The Ohio-born artist brings primal instinct and notions of countryside innocence together in subtle ways, probing the rural US landscape for moments of fiery human and animal activity.

Caroline Tompkins
Namibia, 2017

The idealized rural landscape might first come to mind when viewing Caroline Tompkins’s photographs, but look a little closer at the burning trailers, throbbing erections and carnal pleasures that litter her series and a more complex image will begin to unfold. “I’m from a relatively rural part of Ohio,” she says, “so I think it’s natural to associate your origin to purity and innocence. It’s a tool like anything else; if you believe that the natural world is free and uncorrupted, how can I play upon that?… I’ve noticed in the past few years, the work I make that excites me the most is from somewhere I find deeply uncomfortable. Lately, the discomfort I find most interesting is the deep entanglement between women’s heterosexual desire and fear and violence. To love men is to fall prey to them. I’m trying to make pictures that exist on this line.”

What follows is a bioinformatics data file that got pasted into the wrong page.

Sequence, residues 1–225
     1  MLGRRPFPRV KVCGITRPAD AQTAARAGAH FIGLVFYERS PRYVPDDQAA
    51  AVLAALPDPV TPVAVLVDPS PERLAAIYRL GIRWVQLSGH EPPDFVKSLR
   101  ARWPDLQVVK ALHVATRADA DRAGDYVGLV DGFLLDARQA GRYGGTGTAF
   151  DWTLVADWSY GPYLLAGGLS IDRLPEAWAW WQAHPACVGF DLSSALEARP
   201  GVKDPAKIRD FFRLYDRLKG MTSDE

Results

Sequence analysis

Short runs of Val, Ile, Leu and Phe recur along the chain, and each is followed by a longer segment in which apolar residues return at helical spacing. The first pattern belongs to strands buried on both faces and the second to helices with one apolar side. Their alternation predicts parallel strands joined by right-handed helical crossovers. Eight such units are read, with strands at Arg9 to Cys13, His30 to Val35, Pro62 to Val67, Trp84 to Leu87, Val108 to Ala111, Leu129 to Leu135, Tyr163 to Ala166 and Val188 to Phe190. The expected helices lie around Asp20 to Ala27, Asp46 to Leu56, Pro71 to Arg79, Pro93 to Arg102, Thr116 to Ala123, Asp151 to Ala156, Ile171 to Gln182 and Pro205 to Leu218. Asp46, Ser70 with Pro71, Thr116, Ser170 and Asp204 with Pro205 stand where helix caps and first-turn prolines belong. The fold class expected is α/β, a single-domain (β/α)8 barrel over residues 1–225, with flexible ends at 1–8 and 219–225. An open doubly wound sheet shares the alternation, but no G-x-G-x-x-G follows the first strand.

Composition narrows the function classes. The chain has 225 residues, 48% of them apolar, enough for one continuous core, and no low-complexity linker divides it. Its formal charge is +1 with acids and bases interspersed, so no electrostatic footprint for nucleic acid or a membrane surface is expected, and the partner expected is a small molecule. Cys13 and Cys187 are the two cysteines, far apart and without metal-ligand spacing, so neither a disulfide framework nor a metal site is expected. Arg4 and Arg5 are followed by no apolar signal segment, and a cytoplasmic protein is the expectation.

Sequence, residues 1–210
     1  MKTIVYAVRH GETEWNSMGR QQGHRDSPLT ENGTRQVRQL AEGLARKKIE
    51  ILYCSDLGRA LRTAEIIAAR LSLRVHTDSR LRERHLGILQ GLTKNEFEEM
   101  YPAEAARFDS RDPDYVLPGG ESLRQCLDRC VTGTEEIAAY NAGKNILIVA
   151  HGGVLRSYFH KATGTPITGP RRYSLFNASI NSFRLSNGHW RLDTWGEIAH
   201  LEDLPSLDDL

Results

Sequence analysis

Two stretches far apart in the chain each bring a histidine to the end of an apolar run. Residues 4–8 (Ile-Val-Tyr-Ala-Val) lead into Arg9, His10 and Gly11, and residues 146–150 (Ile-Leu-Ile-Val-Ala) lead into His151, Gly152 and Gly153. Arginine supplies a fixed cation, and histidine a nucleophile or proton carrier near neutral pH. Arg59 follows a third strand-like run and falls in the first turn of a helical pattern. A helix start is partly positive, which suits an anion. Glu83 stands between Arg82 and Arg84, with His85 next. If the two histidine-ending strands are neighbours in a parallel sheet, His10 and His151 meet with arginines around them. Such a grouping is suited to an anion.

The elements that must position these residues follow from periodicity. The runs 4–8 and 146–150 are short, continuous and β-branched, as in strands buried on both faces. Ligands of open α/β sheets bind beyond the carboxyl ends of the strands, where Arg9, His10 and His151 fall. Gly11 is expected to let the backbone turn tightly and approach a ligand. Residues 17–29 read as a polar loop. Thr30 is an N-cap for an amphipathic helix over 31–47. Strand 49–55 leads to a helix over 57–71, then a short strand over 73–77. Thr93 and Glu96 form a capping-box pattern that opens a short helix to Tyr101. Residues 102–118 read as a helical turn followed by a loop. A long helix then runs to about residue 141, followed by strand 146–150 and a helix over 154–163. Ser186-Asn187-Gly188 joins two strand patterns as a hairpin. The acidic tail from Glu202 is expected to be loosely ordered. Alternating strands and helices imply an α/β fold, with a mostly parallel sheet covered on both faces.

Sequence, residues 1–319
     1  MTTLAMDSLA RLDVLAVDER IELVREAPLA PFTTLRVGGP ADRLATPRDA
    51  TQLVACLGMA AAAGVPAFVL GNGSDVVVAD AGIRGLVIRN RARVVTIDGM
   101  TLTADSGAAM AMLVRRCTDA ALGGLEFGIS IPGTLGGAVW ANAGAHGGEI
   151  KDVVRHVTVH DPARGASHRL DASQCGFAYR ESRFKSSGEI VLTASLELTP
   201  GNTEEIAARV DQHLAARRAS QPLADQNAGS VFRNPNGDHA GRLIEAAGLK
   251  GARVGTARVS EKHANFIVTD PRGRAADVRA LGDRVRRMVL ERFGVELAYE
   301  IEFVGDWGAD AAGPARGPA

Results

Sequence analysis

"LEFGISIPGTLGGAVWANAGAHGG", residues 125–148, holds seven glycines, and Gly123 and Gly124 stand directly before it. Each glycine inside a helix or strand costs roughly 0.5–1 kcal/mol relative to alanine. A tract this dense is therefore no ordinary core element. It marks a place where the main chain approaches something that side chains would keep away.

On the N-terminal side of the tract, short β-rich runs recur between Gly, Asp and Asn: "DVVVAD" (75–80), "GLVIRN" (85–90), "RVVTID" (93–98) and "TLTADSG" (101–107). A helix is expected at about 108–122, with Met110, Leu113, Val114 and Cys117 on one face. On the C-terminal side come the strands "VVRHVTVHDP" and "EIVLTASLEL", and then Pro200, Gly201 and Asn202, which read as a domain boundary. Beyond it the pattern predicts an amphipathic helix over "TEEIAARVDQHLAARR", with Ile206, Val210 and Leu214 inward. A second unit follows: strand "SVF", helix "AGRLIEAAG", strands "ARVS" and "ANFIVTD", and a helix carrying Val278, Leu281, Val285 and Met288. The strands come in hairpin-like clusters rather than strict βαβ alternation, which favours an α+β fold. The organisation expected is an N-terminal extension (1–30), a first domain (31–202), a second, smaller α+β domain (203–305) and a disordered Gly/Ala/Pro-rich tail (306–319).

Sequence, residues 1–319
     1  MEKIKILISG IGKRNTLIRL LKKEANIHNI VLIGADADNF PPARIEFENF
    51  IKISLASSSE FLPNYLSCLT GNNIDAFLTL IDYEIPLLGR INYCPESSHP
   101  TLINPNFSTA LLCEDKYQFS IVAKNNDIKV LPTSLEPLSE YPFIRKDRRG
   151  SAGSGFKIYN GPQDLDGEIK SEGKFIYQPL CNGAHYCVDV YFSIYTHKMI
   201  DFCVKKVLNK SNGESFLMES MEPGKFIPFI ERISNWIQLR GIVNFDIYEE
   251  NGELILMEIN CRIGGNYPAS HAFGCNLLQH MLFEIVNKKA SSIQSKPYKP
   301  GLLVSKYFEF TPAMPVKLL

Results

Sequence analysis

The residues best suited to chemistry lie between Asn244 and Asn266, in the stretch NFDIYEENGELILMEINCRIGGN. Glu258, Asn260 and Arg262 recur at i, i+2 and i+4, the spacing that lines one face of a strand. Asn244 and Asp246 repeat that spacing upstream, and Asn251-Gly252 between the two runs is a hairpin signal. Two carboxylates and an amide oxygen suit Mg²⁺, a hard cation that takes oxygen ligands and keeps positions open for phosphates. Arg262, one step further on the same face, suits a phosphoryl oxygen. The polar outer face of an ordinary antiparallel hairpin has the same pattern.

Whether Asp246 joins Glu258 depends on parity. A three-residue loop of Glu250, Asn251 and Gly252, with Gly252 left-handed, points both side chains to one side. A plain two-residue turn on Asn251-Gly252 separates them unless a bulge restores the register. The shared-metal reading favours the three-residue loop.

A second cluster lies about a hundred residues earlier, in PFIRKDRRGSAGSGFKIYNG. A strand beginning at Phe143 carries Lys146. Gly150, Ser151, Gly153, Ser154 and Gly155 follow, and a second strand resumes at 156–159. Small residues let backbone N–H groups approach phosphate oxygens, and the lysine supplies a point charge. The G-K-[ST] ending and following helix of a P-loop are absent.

“If you believe that the natural world is free and uncorrupted, how can I play upon that?”

Untitled (South Dakota), 2017

In Tompkins’s images, we see animals—often ones that are semi-tamed: horses, goats and dogs—and we see the human presented as one of their kin, prone to passion, tenderness and their own nature. Her images feel intimate, as though we are stumbling into a real moment between lovers or catching the outside world off-guard. “I have a favourite feeling when photographing,” says Tompkins. “It’s a certain type of bellyaching, upper-lip-sweating, hand-trembling anxiety. It happens most when I set the table correctly, and the world surprises me.”

 

 

 

This feature originally appeared in Issue 41

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